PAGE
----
Microsoft: Apple's "App Store" trademark is too generic

By on January 12, 2011, 10:31 AM
Microsoft has asked the US Patent and Trademark Office (USPTO) to reject Apple's application to trademark the term "App Store" because it is too generic. Apple applied for the trademark in 2008. Today, Cupertino uses the term to refer to stores for apps that can be downloaded for the iPhone, iPad, iPod, and most recently, the Mac.

Microsoft's 27-page filing, obtained by TechFlash, has the following reasoning for Redmond's attack:

Microsoft opposes Apple's Application Serial No. 77/525433 for APP STORE on the grounds that 'app store' is generic for retail store services featuring apps and unregistrable for ancillary services such as searching for and downloading apps from such stores. Microsoft moves for summary judgment refusing registration of APP STORE. The following undisputed facts establish that 'app store' is generic for retail store services featuring apps:

  • "App" is a common generic name for the goods offered at Apple's store, as shown in dictionary definitions and by widespread use by Apple and others.
  • "Store" is generic for the “retail store services” for which Apple seeks registration, and indeed, Apple refers to its “App Store” as a store

It's odd that Microsoft has filed papers now, more than a year after the USPTO opened up Apple's original application. That being said, it's likely that after Apple announced the Mac App Store, Microsoft decided enough was enough.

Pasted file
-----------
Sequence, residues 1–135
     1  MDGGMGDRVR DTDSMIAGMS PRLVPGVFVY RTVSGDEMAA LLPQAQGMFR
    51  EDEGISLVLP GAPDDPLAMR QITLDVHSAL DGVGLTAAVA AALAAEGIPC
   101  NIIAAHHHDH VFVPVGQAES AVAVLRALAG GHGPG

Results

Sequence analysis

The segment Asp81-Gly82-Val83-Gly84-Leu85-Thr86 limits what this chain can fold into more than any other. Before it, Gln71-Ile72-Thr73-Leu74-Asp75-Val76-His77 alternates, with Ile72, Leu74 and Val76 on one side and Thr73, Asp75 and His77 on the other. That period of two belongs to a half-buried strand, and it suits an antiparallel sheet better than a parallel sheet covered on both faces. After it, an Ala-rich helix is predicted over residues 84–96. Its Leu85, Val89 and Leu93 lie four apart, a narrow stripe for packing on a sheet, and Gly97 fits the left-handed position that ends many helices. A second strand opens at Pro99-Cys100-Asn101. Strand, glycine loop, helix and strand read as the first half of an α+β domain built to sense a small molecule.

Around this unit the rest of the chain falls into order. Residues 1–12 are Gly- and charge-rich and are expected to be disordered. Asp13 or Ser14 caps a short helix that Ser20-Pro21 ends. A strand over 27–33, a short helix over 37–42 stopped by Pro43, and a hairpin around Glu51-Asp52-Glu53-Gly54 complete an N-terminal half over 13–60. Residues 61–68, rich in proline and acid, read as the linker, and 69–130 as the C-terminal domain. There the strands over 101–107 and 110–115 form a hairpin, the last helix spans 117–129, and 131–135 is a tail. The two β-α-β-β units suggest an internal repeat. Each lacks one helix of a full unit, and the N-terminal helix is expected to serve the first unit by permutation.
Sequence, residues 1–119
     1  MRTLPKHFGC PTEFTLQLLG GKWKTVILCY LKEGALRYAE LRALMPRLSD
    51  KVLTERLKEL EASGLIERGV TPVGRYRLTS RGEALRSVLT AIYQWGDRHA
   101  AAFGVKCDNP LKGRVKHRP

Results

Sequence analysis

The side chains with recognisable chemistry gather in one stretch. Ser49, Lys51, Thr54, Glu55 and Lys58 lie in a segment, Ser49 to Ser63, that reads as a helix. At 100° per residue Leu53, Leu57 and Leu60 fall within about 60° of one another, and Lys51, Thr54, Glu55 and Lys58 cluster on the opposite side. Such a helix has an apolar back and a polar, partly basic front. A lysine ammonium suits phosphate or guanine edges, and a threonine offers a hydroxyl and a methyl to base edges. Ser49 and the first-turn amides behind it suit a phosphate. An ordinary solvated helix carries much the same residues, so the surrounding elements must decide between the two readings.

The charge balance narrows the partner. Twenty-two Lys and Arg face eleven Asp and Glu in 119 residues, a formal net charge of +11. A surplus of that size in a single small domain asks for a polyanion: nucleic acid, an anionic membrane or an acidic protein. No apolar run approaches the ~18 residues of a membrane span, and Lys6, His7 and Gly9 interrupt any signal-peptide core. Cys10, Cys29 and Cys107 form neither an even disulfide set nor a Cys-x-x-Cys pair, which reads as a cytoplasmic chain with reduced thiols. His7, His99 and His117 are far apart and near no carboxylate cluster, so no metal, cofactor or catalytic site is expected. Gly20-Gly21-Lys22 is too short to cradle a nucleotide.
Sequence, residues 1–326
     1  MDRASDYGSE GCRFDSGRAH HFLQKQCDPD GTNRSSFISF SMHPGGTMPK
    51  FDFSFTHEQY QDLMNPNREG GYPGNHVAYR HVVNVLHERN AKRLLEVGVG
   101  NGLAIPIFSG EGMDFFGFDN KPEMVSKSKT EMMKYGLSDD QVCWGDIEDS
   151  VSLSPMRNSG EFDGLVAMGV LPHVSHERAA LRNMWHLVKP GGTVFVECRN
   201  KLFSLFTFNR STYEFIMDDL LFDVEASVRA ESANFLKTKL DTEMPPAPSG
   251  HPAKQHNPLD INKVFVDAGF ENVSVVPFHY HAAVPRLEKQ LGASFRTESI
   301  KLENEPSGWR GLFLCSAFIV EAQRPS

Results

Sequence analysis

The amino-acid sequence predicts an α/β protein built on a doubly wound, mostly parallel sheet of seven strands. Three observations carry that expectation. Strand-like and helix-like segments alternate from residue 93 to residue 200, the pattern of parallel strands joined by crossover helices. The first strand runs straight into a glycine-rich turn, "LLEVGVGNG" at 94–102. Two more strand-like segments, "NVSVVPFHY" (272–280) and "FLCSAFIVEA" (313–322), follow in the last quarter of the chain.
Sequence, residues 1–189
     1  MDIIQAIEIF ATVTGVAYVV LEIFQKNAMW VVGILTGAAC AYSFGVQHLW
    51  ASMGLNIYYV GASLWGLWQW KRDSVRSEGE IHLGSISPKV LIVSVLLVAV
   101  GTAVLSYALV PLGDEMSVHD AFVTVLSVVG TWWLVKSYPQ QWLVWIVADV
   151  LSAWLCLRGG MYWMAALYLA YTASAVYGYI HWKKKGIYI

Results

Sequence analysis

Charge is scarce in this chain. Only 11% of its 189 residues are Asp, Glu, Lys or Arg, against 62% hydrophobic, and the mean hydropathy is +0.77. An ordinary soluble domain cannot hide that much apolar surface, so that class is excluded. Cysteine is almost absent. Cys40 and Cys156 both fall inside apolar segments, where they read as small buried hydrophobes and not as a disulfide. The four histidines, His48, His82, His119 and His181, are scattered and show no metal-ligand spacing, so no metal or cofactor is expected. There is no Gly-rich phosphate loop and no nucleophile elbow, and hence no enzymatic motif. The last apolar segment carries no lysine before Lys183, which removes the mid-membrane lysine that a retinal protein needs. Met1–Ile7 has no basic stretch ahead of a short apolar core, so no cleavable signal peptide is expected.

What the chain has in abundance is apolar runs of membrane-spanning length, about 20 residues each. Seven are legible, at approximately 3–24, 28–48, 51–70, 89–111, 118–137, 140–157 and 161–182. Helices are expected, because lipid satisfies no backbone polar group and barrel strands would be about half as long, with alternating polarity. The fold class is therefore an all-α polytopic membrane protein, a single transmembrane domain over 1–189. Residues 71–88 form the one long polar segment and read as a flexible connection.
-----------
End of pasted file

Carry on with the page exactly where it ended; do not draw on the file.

User Comments: 22

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Guest said:

App is an abbreviation of "Application", which in this context is a computing term, you cannot patent that.

TorturedChaos, TechSpot Chancellor, said:

Pains me to say things, but I agree with M$ in this case. Does seem like a rather generic term to trade mark.

mario mario, Ex-TS Developer, said:

Agreed, 'App Store' is a generic term shouldn't be a trademark.

Benny26 Benny26, TechSpot Paladin, said:

Guest said:

App is an abbreviation of "Application", which in this context is a computing term, you cannot patent that.

I'll agree with that...I also agree with Microsoft.

madboyv1, TechSpot Paladin, said:

Bear with me, but Apple applying to trademark "App Store" sounds similar to if Toyota or Honda hypothetically applied to trademark "Hybrid car/vehicle". Sounds dumb to me for USPTO to consider such a trademark. =o

9Nails, TechSpot Paladin, said:

I agree with MS on this. It's like saying "shoe store" in how vague and generic the name is.

Throw an "Apple" or "iTunes" in front of that name and I think Apple has a store name that they should be legally able to trademark.

Wagan8r Wagan8r said:

If they called their iOS apps iApps and named it the iApp Store, then it ceases to be generic. However, App Store is just as generic as everyone has been commenting. There's a reason why Apple keeps getting rejected for the trademark.

Guest said:

This is to funny. Let us see what Microsoft names things:

Windows, not generic at all.

SQL, not generic at all.

Exchange, not generic at all.

Office, how could you even consider this being generic.

matrix86 matrix86 said:

...oh Apple. When will you learn that you aren't all that and a bag of chips? The world has not, does not, and will not revolve around you. You can't control everything like you want to do.

Guest said:

Hey other guest above. In trademark laws you can trademark a name like that when it is a generic term used to brand something that is not related to the generic term. So Windows for an operating system is an acceptable trademark because it refers to the graphical windows of the operating system.

People using the name for something in an unrelated business can still use the term.

Guest said: